By the 9th century, there was already a little church in the same location as the current Little Green Church (Groen Kerkje) which, according to legend, was dedicated by Willibrord. The existence of this church is an indication that there may have been a community there.

From the 11th to the 14th century, Oegstgeest enjoyed a period of progress. This ended when Leiden was granted city rights. The carrying out of trades and construction were no longer permitted within a certain distance from the city. In 1399, the heerlijkheid of Oegstgeest and that of Poelgeest were merged because their declining populations could no longer afford to pay the required taxes to the Count of Holland.

Oegstgeest in 1867
Oud Poelgeest

Until the 19th century the boundary of Oegstgeest extended right to the city walls and moats of Leiden. But in the 19th and 20th century, it conceded more and more of its territory to the rapidly expanding city of Leiden.

Before the early 20th century, Oegstgeest had a rural character and did not have a centre of population. It consisted of several unconnected smaller settlements. Only after 1900 were new neighbourhoods built between the settlements. First Wilhelminapark was built, followed by Prins Hendrikpark (circa 1915), Buitenlust or Indische Buurt (1925), Julianapark, Oranjepark, and Emmapark (1920-1950), and Grunerie and the area between Emmalaan and Lange Voort (1950s). In the 1980s and 1990s, the Haaswijk and Morsebel neighbourhoods were built, followed by Poelgeest in the 2000s. In 2006 construction started on a new neighbourhood, Nieuw Rhijngeest.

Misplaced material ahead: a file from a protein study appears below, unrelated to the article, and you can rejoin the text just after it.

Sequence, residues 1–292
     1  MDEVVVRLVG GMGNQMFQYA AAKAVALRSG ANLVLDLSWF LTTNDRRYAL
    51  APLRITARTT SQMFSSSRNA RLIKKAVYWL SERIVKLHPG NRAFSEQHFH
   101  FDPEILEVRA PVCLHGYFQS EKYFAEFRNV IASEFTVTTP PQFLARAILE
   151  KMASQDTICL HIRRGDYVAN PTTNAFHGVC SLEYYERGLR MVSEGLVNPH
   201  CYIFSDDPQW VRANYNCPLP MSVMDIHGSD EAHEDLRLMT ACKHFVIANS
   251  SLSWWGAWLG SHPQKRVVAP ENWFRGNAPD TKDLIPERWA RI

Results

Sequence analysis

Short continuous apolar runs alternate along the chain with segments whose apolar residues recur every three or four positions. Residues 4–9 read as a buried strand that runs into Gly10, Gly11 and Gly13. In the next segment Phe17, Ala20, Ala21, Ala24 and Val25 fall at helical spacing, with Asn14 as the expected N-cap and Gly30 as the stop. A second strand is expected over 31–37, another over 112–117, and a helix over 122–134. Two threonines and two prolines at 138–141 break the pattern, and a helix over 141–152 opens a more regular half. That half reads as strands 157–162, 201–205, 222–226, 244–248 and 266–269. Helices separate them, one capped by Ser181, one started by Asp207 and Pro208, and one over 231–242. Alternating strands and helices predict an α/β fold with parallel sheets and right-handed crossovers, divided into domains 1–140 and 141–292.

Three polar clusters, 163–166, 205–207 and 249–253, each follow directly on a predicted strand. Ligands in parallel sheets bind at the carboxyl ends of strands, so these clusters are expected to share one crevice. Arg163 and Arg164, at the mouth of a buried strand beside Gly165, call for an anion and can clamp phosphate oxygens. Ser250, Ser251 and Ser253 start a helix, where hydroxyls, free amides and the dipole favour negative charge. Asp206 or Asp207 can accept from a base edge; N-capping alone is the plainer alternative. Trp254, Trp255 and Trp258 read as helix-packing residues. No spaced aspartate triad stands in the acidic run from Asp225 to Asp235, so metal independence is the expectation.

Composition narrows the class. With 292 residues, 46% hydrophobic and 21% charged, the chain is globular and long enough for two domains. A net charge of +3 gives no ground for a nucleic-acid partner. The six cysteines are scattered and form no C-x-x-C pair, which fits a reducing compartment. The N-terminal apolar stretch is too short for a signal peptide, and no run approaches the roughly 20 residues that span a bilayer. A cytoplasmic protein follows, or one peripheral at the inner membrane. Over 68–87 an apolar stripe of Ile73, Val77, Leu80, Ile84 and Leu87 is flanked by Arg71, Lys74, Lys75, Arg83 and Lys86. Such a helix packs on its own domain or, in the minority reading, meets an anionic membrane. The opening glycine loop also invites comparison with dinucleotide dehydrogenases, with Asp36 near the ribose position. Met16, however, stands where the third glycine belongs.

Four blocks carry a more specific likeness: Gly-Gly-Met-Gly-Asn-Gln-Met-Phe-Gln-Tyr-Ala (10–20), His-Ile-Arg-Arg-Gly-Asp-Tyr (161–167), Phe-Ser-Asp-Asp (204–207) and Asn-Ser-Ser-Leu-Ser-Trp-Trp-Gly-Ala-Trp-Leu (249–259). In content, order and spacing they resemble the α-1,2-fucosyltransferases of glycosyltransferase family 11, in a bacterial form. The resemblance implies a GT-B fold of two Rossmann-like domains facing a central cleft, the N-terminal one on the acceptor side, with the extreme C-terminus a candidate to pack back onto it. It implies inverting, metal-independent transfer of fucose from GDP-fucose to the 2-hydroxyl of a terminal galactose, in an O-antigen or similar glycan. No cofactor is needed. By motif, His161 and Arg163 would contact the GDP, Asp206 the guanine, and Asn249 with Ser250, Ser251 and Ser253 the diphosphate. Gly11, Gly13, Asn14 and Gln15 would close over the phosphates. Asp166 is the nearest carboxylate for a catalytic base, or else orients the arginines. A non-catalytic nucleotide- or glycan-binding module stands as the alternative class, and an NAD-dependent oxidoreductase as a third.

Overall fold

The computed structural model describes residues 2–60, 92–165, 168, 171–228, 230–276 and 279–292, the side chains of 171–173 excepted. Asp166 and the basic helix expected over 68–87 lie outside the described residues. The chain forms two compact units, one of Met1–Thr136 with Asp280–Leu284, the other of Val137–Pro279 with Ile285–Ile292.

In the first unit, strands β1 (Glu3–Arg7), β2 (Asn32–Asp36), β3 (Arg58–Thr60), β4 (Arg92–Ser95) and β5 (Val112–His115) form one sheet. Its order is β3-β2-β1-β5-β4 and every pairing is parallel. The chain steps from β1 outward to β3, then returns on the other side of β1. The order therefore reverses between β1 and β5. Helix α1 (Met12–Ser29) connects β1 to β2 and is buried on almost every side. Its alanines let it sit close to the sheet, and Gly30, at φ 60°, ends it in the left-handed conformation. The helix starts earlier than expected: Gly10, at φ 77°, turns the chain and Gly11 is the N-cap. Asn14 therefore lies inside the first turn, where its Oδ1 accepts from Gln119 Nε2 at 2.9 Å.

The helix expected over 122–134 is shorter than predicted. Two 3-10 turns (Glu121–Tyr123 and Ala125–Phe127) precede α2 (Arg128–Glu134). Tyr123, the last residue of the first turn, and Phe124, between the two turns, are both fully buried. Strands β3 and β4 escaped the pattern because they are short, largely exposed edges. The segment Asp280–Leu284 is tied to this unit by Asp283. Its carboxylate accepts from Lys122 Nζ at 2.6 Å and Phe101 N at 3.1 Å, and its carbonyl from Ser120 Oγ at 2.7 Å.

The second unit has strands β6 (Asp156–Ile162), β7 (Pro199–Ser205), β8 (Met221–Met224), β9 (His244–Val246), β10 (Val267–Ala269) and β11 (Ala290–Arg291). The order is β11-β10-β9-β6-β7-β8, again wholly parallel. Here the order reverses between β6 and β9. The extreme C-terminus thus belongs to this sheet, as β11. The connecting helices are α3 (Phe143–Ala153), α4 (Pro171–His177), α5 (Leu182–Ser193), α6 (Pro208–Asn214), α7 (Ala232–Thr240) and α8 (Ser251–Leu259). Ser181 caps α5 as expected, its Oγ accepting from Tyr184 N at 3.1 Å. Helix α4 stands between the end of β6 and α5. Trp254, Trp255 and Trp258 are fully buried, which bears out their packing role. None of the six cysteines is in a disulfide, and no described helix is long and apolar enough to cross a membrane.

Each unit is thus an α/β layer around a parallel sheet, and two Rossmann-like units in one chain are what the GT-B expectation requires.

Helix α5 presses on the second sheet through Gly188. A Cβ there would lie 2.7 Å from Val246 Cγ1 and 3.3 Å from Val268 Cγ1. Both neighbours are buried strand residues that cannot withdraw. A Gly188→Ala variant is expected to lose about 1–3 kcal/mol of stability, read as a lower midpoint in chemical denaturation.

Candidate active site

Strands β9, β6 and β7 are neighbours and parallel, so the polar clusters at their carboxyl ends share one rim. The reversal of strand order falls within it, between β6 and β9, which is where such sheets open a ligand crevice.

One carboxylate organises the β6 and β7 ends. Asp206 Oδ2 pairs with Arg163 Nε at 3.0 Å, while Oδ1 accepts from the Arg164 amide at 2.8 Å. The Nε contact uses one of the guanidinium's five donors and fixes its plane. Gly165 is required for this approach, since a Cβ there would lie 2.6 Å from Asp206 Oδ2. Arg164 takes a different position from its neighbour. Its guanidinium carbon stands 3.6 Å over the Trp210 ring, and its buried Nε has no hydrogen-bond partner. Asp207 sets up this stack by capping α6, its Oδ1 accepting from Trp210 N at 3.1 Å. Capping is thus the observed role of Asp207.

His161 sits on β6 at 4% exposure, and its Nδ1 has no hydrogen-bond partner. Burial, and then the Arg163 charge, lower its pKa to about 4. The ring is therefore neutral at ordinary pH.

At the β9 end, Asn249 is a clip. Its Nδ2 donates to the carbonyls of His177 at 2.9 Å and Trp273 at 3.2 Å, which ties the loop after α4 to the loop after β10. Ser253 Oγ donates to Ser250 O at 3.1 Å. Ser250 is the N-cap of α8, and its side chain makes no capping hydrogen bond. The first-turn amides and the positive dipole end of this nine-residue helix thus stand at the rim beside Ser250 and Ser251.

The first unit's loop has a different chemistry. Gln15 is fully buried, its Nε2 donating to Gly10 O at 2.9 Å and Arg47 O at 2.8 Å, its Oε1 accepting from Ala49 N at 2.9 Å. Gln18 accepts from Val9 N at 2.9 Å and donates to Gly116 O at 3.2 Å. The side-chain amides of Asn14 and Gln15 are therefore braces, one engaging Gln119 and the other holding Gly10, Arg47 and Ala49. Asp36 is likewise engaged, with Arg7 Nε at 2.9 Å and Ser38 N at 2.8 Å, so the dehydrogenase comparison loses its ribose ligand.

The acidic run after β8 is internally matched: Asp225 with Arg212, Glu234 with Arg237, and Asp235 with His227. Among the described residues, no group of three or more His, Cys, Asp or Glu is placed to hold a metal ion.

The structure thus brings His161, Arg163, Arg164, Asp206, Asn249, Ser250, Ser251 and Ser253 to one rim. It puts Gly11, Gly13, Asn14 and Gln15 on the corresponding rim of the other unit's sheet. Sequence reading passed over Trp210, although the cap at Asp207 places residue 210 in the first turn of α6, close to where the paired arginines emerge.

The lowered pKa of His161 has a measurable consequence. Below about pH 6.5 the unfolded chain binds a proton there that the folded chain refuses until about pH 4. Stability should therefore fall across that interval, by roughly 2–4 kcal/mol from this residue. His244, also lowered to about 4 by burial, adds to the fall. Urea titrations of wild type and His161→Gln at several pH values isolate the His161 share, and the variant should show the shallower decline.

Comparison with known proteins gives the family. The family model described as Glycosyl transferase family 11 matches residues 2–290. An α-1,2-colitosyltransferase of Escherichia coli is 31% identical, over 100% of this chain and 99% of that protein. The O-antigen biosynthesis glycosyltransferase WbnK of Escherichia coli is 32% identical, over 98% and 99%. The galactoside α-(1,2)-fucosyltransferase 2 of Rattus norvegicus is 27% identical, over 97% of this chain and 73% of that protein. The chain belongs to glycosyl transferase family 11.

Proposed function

Dutch topographic map of the municipality of Oegstgeest, June 2015

Geography

The municipality of Oegstgeest covers an area of 7.97 km2 (3.08 sq mi) of which 0.66 km2 (0.25 sq mi) is water. Oegstgeest lies just to the north of Leiden, with which it is conjoined in a conurbation and formed the Leiden region. Oegstgeest is a separate municipality, but it is effectively a suburb of Leiden. The municipality of Katwijk is to the west, the municipality of Teylingen to the north, the Kaag Lakes (Kagerplassen) to the northeast and Leiderdorp to the east.

Sports